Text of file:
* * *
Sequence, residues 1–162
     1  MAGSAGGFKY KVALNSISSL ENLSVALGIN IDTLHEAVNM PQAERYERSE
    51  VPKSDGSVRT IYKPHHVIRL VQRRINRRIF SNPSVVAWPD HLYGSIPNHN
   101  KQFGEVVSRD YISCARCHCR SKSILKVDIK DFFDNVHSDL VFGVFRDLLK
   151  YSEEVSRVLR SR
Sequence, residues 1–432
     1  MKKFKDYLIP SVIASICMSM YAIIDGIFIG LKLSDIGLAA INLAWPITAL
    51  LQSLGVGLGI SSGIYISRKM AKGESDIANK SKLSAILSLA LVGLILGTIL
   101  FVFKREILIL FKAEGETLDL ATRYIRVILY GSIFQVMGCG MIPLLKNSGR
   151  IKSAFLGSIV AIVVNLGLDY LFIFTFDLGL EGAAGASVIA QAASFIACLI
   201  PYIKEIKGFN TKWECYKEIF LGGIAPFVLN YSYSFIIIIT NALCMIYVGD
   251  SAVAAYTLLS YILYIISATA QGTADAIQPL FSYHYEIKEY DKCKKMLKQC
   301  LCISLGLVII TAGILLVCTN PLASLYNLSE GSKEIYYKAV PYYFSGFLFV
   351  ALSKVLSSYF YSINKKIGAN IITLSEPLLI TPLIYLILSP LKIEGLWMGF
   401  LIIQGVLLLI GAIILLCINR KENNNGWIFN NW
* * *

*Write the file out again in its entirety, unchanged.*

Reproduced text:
Sequence, residues 1–162
     1  MAGSAGGFKY KVALNSISSL ENLSVALGIN IDTLHEAVNM PQAERYERSE
    51  VPKSDGSVRT IYKPHHVIRL VQRRINRRIF SNPSVVAWPD HLYGSIPNHN
   101  KQFGEVVSRD YISCARCHCR SKSILKVDIK DFFDNVHSDL VFGVFRDLLK
   151  YSEEVSRVLR SR
Sequence, residues 1–432
     1  MKKFKDYLIP SVIASICMSM YAIIDGIFIG LKLSDIGLAA INLAWPITAL
    51  LQSLGVGLGI SSGIYISRKM AKGESDIANK SKLSAILSLA LVGLILGTIL
   101  FVFKREILIL FKAEGETLDL ATRYIRVILY GSIFQVMGCG MIPLLKNSGR
   151  IKSAFLGSIV AIVVNLGLDY LFIFTFDLGL EGAAGASVIA QAASFIACLI
   201  PYIKEIKGFN TKWECYKEIF LGGIAPFVLN YSYSFIIIIT NALCMIYVGD
   251  SAVAAYTLLS YILYIISATA QGTADAIQPL FSYHYEIKEY DKCKKMLKQC
   301  LCISLGLVII TAGILLVCTN PLASLYNLSE GSKEIYYKAV PYYFSGFLFV
   351  ALSKVLSSYF YSINKKIGAN IITLSEPLLI TPLIYLILSP LKIEGLWMGF
   401  LIIQGVLLLI GAIILLCINR KENNNGWIFN NW